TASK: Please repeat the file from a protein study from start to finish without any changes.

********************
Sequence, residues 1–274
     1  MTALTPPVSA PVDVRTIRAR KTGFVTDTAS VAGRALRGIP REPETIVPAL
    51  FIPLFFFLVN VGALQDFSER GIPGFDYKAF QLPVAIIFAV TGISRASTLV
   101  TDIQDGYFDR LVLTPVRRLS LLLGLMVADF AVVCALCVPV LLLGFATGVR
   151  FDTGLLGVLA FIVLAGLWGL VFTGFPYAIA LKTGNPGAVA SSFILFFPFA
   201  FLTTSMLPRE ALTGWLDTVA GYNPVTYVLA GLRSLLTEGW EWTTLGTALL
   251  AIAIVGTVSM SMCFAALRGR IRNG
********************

Sequence, residues 1–274
     1  MTALTPPVSA PVDVRTIRAR KTGFVTDTAS VAGRALRGIP REPETIVPAL
    51  FIPLFFFLVN VGALQDFSER GIPGFDYKAF QLPVAIIFAV TGISRASTLV
   101  TDIQDGYFDR LVLTPVRRLS LLLGLMVADF AVVCALCVPV LLLGFATGVR
   151  FDTGLLGVLA FIVLAGLWGL VFTGFPYAIA LKTGNPGAVA SSFILFFPFA
   201  FLTTSMLPRE ALTGWLDTVA GYNPVTYVLA GLRSLLTEGW EWTTLGTALL
   251  AIAIVGTVSM SMCFAALRGR IRNG